World Test Championship final: weather a big factor as India and New Zealand fight for red-ball crown

Virat Kohli picks two spinners and three seamers for Southampton match

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Test matches have traditionally enjoyed a gradual build-up, with a multitude of storylines and match-ups playing themselves out over subsequent weeks.

But not this time. The World Test Championship final between India and New Zealand, which begins on Friday in Southampton, has one aim – to find the champion team of red-ball cricket.

The ICC's attempt to provide context to bilateral Test matches and have a one-off battle for the big prize has brought the top two ranked teams in the world to the UK. That's a good idea but the weather seems to have different ideas.

The forecast for Southampton over the next few days does not fill the heart with hope. Rain is expected to affect play on the first day of the final with showers likely throughout the match. There is a reserve day in case any lost overs are not accounted for in the allotted five days.

The inclement weather has titled the scales in favour of Kane Williamson's Black Caps, who enter the match still on a high following a historic Test series win over England.

New Zealand – the 2019 World Cup finalists and 2-0 victors over India in their last Test series at home – are the top-ranked teams in 50-over and Test formats. Add to it the fact they just concluded a two-match series and are more suited to cricket in overcast conditions, and New Zealand look highly likely to lift the Test mace and $1.6 million prize.

The Black Caps' pace battery of Trent Boult, Tim Southee, Neil Wagner and Matt Henry is perfect combination of experience and precision, complementing a solid batting line-up that Williamson, Ross Taylor, Tom Latham and bolstered by the emergence of Devon Conway.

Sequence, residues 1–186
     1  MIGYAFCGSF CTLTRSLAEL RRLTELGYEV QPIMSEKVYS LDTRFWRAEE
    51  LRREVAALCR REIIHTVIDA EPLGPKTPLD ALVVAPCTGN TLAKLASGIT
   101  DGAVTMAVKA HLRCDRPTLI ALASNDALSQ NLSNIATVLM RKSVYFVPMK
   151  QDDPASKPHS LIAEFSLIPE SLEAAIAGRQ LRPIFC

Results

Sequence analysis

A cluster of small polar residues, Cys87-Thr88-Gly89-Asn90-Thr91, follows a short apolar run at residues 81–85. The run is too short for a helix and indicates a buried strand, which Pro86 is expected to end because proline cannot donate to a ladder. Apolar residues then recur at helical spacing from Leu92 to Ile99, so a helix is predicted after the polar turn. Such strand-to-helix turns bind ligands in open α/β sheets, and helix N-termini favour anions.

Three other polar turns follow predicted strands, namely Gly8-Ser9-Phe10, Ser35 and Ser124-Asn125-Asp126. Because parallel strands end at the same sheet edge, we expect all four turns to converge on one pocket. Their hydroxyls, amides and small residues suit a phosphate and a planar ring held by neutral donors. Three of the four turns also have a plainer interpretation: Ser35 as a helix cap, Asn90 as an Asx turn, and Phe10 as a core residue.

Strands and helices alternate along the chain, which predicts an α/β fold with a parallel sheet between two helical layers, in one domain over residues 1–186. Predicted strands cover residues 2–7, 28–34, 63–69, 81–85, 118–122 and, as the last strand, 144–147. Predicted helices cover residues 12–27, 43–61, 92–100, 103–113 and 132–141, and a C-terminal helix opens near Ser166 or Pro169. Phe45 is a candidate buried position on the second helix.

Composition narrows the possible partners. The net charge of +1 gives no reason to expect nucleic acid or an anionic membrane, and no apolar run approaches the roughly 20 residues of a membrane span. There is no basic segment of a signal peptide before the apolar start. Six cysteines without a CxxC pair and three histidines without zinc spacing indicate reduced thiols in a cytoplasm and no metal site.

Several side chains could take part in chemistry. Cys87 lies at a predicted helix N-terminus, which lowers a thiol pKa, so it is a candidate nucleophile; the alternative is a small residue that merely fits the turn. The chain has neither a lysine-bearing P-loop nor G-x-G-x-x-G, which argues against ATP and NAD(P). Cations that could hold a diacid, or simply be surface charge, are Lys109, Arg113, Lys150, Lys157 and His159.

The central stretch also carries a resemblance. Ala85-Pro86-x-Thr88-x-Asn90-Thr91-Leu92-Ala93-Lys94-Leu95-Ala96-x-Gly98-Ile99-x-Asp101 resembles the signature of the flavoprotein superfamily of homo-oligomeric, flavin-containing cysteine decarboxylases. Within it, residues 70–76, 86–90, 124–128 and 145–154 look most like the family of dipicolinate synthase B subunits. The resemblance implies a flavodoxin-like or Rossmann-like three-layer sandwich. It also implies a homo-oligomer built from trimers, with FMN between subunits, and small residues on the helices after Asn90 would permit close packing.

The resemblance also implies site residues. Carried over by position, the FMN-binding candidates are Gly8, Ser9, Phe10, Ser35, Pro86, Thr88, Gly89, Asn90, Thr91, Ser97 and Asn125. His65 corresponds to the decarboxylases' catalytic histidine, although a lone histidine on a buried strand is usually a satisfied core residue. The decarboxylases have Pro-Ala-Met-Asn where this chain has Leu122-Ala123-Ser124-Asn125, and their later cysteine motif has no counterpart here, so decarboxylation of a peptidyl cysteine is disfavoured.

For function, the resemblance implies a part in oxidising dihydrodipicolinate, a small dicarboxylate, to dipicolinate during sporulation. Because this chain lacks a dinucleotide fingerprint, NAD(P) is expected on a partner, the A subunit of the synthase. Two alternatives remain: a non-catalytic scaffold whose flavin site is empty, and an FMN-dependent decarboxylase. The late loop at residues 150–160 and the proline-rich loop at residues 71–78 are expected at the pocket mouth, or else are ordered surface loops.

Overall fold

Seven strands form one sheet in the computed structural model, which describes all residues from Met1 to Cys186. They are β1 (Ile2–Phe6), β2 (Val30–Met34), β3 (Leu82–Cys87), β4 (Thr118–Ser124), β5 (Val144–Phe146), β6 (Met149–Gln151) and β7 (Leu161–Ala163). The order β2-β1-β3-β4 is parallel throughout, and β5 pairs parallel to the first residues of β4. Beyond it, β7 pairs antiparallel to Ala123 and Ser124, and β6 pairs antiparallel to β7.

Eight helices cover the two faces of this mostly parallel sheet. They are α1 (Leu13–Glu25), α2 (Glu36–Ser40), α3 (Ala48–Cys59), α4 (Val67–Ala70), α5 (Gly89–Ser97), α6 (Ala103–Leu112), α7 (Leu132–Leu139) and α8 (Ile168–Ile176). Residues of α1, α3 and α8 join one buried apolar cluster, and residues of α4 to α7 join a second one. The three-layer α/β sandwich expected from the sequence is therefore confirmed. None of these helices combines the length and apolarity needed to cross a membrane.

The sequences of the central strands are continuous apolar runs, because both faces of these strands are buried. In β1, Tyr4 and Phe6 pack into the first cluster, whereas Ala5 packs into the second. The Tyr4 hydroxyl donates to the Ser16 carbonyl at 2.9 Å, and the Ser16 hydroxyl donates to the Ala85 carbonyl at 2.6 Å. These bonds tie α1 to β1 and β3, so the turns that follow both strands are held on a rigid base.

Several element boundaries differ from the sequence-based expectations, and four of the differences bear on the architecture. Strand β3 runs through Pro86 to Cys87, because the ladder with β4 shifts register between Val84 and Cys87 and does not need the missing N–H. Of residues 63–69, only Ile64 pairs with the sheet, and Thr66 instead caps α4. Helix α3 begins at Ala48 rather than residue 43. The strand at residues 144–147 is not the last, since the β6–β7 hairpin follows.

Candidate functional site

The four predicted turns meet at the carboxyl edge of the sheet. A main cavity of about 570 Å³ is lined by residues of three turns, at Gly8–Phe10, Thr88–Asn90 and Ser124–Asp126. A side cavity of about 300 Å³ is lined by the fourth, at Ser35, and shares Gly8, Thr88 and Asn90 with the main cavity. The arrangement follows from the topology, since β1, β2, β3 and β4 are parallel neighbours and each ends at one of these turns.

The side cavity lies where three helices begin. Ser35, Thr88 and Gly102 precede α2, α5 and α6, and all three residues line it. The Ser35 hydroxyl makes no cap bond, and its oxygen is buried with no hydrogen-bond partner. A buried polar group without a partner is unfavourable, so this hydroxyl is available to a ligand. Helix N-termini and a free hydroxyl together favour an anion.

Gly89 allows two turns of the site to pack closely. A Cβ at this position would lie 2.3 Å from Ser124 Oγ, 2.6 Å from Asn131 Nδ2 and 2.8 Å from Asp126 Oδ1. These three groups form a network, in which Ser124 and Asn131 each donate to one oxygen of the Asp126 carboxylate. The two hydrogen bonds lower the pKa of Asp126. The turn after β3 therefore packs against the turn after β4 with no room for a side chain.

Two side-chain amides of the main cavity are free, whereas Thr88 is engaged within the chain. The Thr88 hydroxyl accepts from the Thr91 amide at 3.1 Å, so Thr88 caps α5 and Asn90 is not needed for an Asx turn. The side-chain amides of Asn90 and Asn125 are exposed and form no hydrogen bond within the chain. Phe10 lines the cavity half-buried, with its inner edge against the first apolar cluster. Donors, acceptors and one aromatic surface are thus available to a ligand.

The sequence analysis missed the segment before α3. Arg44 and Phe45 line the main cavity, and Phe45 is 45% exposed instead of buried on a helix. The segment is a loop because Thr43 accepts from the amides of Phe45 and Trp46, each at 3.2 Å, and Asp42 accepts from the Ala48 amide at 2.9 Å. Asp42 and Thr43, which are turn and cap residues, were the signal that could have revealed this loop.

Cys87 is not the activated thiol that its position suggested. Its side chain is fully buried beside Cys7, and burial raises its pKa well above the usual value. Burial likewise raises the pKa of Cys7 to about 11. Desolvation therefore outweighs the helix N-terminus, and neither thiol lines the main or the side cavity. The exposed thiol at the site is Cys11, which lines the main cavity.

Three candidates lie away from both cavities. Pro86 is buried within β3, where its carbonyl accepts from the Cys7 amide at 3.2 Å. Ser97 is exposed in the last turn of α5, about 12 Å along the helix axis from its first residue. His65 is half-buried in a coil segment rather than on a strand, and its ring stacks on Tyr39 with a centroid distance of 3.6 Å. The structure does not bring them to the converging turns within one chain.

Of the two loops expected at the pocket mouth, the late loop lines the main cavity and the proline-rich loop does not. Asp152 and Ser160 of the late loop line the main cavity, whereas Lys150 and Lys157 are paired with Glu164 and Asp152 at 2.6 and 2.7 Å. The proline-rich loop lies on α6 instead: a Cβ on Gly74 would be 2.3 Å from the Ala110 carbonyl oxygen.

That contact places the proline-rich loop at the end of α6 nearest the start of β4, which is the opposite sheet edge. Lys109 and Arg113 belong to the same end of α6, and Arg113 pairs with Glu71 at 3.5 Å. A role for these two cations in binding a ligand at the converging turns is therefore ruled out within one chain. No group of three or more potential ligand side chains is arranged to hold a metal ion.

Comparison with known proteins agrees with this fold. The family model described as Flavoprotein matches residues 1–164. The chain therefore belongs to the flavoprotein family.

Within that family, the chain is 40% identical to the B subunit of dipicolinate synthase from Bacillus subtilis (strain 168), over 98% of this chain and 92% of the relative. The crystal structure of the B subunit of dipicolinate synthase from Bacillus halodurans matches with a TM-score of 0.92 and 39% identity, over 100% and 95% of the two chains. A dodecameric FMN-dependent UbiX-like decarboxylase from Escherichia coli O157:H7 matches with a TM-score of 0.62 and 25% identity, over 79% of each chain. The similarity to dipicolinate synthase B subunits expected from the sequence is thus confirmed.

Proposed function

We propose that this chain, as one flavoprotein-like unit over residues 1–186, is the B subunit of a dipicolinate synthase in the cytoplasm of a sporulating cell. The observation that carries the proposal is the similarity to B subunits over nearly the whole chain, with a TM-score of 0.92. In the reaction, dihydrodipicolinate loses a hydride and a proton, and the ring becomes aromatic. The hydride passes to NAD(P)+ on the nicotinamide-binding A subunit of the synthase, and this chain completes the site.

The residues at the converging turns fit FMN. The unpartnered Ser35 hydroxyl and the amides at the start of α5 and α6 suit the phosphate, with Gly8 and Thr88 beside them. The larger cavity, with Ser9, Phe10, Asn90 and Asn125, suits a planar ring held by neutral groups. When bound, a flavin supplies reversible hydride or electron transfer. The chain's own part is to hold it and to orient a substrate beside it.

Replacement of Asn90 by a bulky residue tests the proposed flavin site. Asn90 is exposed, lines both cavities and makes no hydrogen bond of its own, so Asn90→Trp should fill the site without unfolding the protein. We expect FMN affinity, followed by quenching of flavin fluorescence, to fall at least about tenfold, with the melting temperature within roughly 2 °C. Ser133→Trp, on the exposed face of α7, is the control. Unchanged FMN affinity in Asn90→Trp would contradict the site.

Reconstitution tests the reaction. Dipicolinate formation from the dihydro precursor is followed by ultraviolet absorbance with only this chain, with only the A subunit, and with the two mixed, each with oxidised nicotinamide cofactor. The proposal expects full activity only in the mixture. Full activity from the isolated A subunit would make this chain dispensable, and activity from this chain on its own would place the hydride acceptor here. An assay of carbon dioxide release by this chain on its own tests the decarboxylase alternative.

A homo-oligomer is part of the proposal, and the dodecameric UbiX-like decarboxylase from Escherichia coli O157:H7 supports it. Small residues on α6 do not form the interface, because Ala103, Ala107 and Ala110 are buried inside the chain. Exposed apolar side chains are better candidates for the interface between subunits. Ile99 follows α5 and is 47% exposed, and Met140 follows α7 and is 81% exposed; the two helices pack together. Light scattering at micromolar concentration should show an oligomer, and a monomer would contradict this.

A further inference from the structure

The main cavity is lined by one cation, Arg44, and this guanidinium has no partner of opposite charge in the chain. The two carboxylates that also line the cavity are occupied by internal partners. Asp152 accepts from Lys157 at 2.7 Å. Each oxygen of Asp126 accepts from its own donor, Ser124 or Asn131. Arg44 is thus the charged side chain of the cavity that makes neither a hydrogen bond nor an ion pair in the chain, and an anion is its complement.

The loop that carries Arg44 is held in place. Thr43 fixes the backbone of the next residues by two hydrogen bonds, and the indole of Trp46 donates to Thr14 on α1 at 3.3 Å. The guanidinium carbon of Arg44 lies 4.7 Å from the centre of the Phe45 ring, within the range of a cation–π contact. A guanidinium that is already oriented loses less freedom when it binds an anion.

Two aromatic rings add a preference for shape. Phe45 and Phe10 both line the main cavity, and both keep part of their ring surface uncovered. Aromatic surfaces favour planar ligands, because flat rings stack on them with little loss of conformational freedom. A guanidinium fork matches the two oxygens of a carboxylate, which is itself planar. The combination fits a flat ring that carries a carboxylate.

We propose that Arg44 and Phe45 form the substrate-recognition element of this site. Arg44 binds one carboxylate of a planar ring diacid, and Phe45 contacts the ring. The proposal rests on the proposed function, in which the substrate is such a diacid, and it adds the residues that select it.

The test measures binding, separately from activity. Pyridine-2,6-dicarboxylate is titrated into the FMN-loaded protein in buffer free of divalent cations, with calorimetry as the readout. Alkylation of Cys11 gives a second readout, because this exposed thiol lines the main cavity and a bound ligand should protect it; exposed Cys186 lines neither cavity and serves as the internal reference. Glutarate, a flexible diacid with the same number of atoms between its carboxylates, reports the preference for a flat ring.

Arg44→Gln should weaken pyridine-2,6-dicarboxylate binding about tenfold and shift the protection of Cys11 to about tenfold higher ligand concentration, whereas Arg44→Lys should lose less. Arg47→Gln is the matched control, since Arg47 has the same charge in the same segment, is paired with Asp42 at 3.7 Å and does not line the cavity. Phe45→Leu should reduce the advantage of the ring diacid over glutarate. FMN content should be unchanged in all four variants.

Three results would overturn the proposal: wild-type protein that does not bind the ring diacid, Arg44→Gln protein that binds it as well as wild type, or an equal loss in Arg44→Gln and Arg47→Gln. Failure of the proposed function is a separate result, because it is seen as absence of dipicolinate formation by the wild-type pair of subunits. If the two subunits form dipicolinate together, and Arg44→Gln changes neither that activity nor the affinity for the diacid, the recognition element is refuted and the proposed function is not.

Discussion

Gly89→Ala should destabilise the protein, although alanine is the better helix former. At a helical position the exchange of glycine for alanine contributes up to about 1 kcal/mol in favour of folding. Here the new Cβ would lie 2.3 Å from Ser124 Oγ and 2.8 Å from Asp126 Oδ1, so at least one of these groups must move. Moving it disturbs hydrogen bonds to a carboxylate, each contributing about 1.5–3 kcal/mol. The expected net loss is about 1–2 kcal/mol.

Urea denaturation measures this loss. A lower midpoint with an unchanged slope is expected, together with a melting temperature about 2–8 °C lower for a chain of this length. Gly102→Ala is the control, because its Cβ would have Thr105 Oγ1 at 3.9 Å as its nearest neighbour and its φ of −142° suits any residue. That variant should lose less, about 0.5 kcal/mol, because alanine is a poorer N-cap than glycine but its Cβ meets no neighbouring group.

Kohli, however, has one thing going for him – a world-class line-up, even if they are short of match practice following the suspension of IPL in early May.

India have decided to go with three fast pacers and two specialist spinners in Ravichandran Ashwin and Ravindra Jadeja.

Jasprit Bumrah, Ishant Sharma and Mohammed Shami lead the pace attack, which presents the best opportunity, at least on paper, for Kohli to lift his first ICC trophy as captain. Rohit Sharma, Shubman Gill, Cheteshwar Pujara, Kohli, Ajinkya Rahane and Rishabh Pant were announced as part of the playing XI for India, with the Kiwis keeping their cards close to their chest given the weather forecast.

With so much riding on the one-off match, Kohli chose to downplay the significance of victory or defeat in a stand-alone clash.

"If you're talking about Test cricket and deciding who is the best team in the world on one game over a period of five days, that is not the reality of the truth," Kohli said.

"It is not going to reflect anything for people who really understand the game and who know exactly what has gone on over the last four or five years and how the teams have fared.

"If you win this game, cricket does not stop for us. If you lose this game, cricket does not stop for us. Our processes and mindset is what matters most to us. We are striving for excellence every day."

His counterpart Williamson, who declared himself fit after resting an elbow injury for last week's victory over England, was more upbeat. He is, after all, desperate to make up for the heartbreak in the 2019 World Cup final.

"We are playing the best team in the world. It's a really exciting occasion," he said.

"It's incredible. I suppose you have both teams coming to a neutral venue, it's unique, an exciting occasion that both teams are looking forward to starting.

"It's a one-off and in cricket anything can happen. It will be widely followed and fans from more than just New Zealand and India are excited to watch it unfold. We're just fortunate to be involved in it."